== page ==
5. I have two 22″ monitors side-by-side and love it. I can’t imagine coding in Excel without the VBE on one screen and Excel on the other. Even when I code in Ruby, Python, Java or whatever, I need to have stackoverflow on one screen and the IDE on the other. I will never have one monitor again – it is the single best productivity boost in my computing career (including my keyboard shortcut mania). Both my monitors are Acer that I got from Newegg. They’re slightly different heights, but I find that piano sheet music books level them up nicely. If you can get identical, that’s even better. My work monitors are identical 22″ ASUS and I’m very happy with those too.
  6. Don’t sacrifice on USB ports. They don’t all have to be 3.0, but make sure you have double what you think you need. Even if you don’t go with two monitors, you should consider a dual output video card in case you change your mind.

I’m a couple years away from replacing my desktop, but if I were forced to do it, I would price out HP, Lenovo, and Asus. And probably Dell for good measure, but I would have to be really convinced to go back to Dell. Lenovo and Asus have awesome reputations in laptops and I don’t know why that wouldn’t translate to desktops. I bought a used Asus convertible tablet several years ago and it still runs like a champ.

End of reply

If you have any opinions on desktop hardware, please leave them in the comments.

11 Comments

  1. Patrick says:

    Just a thought on memory, you should only use memory purchased as a kit. Anymore you do not want to mix memory chips, even from the same manufacturer, even the same model numbers. The chips in kits are tested to work together. I would consider 8GB the minimum for future-proofing the machine. More RAM is almost always better.

    Go for a SSD drive, yes yes yes!

    Building your own can have some advantages that overcome the price difference. Mid range gaming motherboards often have very high quality components, solid state capacitors for example, that you may not be able to get via HP or Dell. (However, HP and Dell will sell you additional warranty and support that is harder to get if your build yourself.) My current build is getting quite old, (Core 2 Duo), but I’ve upgraded the video card several times, added SSD drive and had to replace the power supply. The motherboard just keeps going and going… The CPU is finally starting to show it’s age.

    If you are going with a multiple monitor setup I would recommend a discrete video card, even a $100 card will drive two monitors without impacting system RAM.

    I’m not an expert either, just my two cents.

  2. Jon Peltier says:

    I received that email too, last month while on vacation, and it’s drifted well below the fold. I should go back and dig it up, send a reply. Mostly to say I don’t do anything fancy with my computers.

    I haven’t made my own computer in many years. It has seemed more cost-effective to get a Gateway, Compaq, Dell, or HP in which all the pieces work together. My father used to have a guy he knew build him computers, and there were always conflicts between components. But even he gave it up and started buying stock PCs.

    The last non-laptop I bought was around ten years ago, and I finally retired it about three years ago.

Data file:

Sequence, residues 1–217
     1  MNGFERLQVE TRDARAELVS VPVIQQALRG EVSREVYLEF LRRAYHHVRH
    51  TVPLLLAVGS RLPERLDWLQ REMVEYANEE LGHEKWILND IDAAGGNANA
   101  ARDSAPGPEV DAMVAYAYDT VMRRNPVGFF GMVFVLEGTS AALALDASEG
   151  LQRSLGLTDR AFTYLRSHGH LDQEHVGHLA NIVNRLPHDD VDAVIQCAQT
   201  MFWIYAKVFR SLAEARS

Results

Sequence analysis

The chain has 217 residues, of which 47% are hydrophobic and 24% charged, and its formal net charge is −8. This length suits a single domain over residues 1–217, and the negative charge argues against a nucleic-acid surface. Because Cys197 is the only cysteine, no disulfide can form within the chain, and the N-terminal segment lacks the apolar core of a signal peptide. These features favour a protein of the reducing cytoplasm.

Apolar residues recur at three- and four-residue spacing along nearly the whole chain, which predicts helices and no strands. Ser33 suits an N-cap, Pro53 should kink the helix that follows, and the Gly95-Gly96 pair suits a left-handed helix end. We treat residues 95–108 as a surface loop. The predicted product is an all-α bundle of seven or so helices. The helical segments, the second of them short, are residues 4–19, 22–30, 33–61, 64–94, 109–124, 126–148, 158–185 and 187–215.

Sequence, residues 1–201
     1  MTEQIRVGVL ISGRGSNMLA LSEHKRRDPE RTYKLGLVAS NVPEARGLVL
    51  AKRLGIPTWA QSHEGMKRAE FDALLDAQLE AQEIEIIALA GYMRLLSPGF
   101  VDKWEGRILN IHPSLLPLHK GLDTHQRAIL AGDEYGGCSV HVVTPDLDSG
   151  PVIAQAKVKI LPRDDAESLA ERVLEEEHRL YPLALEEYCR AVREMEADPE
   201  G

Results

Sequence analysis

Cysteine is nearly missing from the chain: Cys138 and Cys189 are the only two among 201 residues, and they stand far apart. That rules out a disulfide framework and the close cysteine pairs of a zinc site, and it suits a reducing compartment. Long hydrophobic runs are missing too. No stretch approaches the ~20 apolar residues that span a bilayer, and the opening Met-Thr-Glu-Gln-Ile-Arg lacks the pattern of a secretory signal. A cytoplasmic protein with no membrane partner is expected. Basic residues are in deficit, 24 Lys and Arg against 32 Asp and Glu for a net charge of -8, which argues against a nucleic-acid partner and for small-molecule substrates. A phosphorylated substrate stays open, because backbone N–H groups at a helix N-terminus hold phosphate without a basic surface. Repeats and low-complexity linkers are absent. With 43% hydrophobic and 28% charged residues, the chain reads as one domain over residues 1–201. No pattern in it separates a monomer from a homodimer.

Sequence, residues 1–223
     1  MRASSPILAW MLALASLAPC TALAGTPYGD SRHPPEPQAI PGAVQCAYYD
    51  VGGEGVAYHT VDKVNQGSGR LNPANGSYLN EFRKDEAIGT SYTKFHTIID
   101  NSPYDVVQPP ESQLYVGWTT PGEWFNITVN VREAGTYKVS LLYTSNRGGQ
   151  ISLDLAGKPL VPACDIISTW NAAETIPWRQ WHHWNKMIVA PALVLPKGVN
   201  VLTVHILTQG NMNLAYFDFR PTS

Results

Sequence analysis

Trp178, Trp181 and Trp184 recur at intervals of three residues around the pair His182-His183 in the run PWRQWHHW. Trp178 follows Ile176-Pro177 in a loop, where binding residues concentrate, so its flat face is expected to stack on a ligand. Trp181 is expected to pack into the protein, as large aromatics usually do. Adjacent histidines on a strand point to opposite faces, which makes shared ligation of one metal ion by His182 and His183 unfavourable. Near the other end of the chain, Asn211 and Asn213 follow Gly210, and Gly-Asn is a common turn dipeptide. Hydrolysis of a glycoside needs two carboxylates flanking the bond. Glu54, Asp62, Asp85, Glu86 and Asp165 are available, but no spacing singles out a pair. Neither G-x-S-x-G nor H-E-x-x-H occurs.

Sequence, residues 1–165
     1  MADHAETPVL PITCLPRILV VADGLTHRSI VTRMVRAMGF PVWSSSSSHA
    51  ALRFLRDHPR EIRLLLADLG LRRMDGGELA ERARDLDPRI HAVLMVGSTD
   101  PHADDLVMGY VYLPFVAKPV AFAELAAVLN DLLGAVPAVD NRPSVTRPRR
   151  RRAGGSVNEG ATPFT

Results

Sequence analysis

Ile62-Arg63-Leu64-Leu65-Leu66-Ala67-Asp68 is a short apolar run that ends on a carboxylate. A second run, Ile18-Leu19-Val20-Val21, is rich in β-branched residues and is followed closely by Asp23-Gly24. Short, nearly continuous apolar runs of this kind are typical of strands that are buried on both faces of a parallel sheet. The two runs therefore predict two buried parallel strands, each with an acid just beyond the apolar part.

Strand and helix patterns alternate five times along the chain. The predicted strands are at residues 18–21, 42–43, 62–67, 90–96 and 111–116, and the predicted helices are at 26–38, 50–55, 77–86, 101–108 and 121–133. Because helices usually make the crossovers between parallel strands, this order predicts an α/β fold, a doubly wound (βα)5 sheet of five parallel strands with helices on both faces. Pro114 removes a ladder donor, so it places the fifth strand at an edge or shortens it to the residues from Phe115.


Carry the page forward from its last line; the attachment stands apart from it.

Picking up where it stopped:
I have six laptops I use with some regularity. Four are HP laptops which I bought off-the-shelf for around $600 or so. These all have 17″ wide screens, with the numeric keypad next to the full sized keyboard. I have a number of extra monitors, so I rarely use a laptop by itself, unless I’m traveling or sitting on the living room couch (like now). For my purposes, the RAM and processor speeds have been adequate, and I use Google Drive to sync all my laptops (10 TB = $10/month).

    Of these four laptops, one is still running Windows XP and Office 2000-2007, one Windows 7 with 32-bit Office 2003-2013, one Windows 7 with 64-bit Office 2010-2013, and one Windows 8.1 with 32-bit Office 2003-2013. Windows 8 makes me less productive than Windows 7, and I still have not recovered the productivity loss caused by Office 2007 and maintained by 2010-2013.

    The fifth isn’t really a laptop, it’s an HP netbook that I thought would be good while traveling, but the small screen and tight keyboard made working very difficult. The netbook is now working as a server for a handful of old external hard drives which I will soon be retiring.

    The sixth laptop is a MacBook Pro I bought in 2013 and use rarely (it’s great for browsing the web, but not for doing actual work). But I needed it to modify my Excel add-ins so they work on a Mac.

    I don’t know why I’ve gravitated to HP; they come loaded with tons of crapware, but I always clear all of that when I install Windows from my MSDN subscription. Aside from the bloatware, they are well-built and last a long time.

  3. My last two machines are Dell laptops. I purchased their high-end machines, because I travel a lot and need the sturdyness and the extra service that comes with them. Both were Precision models with the max spec available at the time.
    My current main machine is a Dell precision M4500 i7 16 Gb RAM, 500 Gb HDD, 4 years old. I recently upgraded the HD to a 500 Gb SSD. I bought a drive bay in which I stashed the old HDD, so this now holds the many (and huge) virtual PC files.
    With that upgrade the machine will last another 2 to 3 years I expect.
    I got the max available RAM which ensures you can run Virtual machines smoothly on the laptop, avoiding to have more than one laptop.

  4. gruff999 says:

    I can`t argue against buying a big brand name, especially if things like warranty and support are important to you. In the U.k. there are independant companies making good value PC`s to your specification (within reason) that have lower overheads than the big players, this is an avenue that is worth exploring now that the various components go together like Lego (or ‘Legos’).